By: Dividend Sensei
By June 6th the S&P 500 was up 45% in a 54-day rally that was the strongest sine 1933.
However, the market has absolutely gotten ahead of itself, becoming totally disconnected from pandemic, economic or earnings fundamentals.
Last week the market suffered the worst day in three months, and the 46th worst of all time with the S&P 500 falling 5.9% and the Dow 6.9%.
I monitor the pandemic, economic and earnings situation closely each week for Dividend Kings, as part of our very thorough Weekly Recession Updates which cover
- credit/financial market health (to monitor for signs of a financial crisis)
- economy/small business updates (including the weekly Census Bureau’s survey of small businesses)
- earnings/market valuation updates (including long-term expected returns out to five years)
- pandemic update: second wave risk, transmission rates in each state, vaccine progress, and global viral transmission (because global infections eventually make their way here).
This week’s update included the first second-wave models from the IHME which has both good and bad news for the US economy, corporate earnings, and the stock market.
The Data Simply Doesn’t Support A V-Shaped Recovery
There are few economists I know of that still believe in a V-shaped recovery.
Morgan Stanley on Monday updated its base case for S&P 500 growth through June 2021, citing a swift economic recovery.
The bank raised its base case for the S&P 500 to 3,350 from 3,000 through June 2021, implying a 10% jump from Friday’s close, according to a Monday note from strategists led by Mike Wilson.
“A faster re-opening than expected along with a powerful combination of fiscal an monetary stimulus all support an economic and earnings recovery,” Wilson wrote.” – Business Insider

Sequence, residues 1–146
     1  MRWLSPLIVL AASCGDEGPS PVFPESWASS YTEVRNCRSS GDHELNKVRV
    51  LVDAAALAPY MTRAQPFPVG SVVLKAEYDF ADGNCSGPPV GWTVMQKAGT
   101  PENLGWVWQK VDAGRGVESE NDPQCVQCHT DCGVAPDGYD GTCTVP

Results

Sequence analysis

Morgan is applying a 20X forward PE to its recently revised 2021 EPS projections which is 22% above the 25-year average of 16.4.
In fairness to Morgan JPMorgan recently penned a very bullish note about how stocks might surge 47% off Thursday’s lows because it too is expecting a rapid economic recovery.
However, so far the economic data absolutely doesn’t back up such bullishness.
Using 10 weekly/daily reports, the high-frequency indicators, the NY Fed’s Weekly Economic Index shows that we appear to have bottomed but the shape the recovery looks far more like the Congressional Budget Office’s swoosh shaped recovery.
The Fed, not just Powell but all Fed Presidents, agrees that a long recovery in which unemployment rakes until 2023 or 2024 to get back to full employment (4%) is likely.
Morgan and JPMorgan, and all very bullish analysts, are not factoring in the second wave of the virus that not just 69% of Americans expect, but so do most medical experts.
And so here is what that potentially means for your portfolio.